Supernova origin of cosmic rays from a gamma-ray signal in the Constellation III region of the Large Magellanic Cloud.
Cosmic rays could be produced via shock acceleration powered by supernovae. The supernova hypothesis implies that each supernova injects on average some 1e50 erg in cosmic rays, while the shock acceleration model predicts a powerlaw cosmic ray spectrum with the slope close to 2. Verification of these predictions requires measurements of spectrum and power of cosmic ray injection from supernova population(s). Here we obtain such measurements based on gamma-ray observation of Constellation III region of Large Magellanic Cloud. We show that gamma-ray emission from this young star formation region originates from cosmic rays injected by approximately two thousand supernovae, rather than by massive star wind powered superbubble pre-dating supernova activity. Cosmic ray injection power is found to be (1.1-0.2+0.5)x 1e50 erg/supernova (for the estimated interstellar medium density 0.3/cm3). The spectrum is a powerlaw with slope 2.09-0.07+0.06. This agrees with the model of particle acceleration at supernova shocks and provides a direct proof of the supernova origin of cosmic rays.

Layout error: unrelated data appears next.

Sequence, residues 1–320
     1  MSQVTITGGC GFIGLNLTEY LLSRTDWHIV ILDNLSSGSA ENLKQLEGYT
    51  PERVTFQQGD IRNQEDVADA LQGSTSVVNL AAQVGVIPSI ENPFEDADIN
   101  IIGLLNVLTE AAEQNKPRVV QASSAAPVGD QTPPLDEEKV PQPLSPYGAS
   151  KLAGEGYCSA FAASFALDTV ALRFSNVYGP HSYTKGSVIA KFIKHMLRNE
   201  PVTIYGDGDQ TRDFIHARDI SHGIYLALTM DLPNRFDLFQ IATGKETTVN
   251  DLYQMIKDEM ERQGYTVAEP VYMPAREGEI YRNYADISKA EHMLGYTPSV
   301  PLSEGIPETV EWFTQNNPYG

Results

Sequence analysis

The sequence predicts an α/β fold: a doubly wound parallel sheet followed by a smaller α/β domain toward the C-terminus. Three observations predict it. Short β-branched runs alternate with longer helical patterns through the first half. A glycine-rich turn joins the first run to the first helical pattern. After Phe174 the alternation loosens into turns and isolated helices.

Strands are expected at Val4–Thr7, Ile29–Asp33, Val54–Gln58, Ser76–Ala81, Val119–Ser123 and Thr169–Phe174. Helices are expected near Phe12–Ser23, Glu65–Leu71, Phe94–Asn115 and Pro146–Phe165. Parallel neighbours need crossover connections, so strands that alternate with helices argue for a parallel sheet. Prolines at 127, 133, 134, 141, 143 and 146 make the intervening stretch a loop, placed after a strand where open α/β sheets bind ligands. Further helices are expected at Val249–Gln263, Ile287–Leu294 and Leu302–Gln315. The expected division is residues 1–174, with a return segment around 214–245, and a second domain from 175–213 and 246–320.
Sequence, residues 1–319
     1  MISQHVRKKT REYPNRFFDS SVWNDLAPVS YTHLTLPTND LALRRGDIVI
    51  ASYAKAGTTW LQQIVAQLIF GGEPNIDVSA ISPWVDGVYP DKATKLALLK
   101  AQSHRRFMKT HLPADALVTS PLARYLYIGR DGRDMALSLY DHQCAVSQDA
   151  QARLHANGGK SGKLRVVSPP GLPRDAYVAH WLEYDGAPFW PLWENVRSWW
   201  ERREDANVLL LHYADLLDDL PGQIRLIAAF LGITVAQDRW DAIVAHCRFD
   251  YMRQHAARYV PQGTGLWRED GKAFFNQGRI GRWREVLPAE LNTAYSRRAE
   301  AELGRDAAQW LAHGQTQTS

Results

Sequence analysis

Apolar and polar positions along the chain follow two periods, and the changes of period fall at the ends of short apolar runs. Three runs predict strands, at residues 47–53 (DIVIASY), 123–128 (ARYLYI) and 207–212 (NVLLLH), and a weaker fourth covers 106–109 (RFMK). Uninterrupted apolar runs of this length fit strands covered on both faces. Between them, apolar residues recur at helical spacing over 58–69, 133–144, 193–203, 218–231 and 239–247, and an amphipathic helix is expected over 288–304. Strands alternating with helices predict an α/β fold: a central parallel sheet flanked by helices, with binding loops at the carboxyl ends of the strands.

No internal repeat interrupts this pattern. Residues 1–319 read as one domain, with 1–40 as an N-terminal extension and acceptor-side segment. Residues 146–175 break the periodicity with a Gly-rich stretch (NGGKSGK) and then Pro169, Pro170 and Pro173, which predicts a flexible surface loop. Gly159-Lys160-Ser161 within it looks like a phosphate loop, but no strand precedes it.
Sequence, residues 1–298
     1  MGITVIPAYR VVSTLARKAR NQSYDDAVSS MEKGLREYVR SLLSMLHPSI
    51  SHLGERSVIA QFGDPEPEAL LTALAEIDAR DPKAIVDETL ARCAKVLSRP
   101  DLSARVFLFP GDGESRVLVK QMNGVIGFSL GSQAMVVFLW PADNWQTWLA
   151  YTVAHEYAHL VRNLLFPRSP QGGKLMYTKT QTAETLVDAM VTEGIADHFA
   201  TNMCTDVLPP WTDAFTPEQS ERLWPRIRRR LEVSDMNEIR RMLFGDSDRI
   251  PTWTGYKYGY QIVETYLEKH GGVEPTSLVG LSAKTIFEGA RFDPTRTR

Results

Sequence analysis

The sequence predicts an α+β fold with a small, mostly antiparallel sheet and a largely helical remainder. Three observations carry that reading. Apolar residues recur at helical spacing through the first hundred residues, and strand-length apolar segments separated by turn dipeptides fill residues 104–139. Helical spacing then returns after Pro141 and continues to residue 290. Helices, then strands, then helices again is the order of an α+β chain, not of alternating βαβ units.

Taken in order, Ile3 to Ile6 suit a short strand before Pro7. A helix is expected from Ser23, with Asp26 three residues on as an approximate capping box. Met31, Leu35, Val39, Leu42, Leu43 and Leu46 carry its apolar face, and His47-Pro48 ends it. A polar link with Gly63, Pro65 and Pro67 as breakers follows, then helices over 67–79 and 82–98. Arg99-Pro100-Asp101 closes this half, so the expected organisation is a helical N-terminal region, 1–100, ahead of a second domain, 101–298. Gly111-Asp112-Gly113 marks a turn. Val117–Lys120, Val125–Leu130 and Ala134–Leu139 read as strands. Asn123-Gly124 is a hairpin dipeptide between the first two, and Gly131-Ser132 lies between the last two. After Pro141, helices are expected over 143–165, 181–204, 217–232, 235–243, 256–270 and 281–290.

Publisher URL: http://arxiv.org/abs/1711.02734
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